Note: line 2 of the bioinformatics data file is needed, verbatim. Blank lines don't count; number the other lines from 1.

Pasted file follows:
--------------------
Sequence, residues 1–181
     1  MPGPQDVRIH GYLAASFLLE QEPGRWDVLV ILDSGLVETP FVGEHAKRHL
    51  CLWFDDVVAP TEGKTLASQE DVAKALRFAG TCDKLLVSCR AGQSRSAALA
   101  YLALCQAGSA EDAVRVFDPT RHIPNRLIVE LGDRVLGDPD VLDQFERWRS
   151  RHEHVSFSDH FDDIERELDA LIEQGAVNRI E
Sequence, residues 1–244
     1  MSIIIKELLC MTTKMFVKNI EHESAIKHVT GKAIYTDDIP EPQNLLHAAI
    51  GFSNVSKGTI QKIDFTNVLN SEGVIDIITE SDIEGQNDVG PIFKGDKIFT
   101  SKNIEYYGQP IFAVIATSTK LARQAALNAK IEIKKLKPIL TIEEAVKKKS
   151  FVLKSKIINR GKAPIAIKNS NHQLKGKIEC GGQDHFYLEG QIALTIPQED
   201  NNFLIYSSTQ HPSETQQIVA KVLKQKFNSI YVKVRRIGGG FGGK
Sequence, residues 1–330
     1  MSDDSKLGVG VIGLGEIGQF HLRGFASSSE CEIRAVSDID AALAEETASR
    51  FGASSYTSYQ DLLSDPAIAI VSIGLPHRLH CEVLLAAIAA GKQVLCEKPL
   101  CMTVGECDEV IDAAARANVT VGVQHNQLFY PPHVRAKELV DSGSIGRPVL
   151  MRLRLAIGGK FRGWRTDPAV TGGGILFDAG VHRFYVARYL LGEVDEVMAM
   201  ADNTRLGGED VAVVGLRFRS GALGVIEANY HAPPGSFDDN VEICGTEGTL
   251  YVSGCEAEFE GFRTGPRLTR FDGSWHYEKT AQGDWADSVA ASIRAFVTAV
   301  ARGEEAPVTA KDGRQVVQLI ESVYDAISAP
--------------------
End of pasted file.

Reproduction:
     1  MPGPQDVRIH GYLAASFLLE QEPGRWDVLV ILDSGLVETP FVGEHAKRHL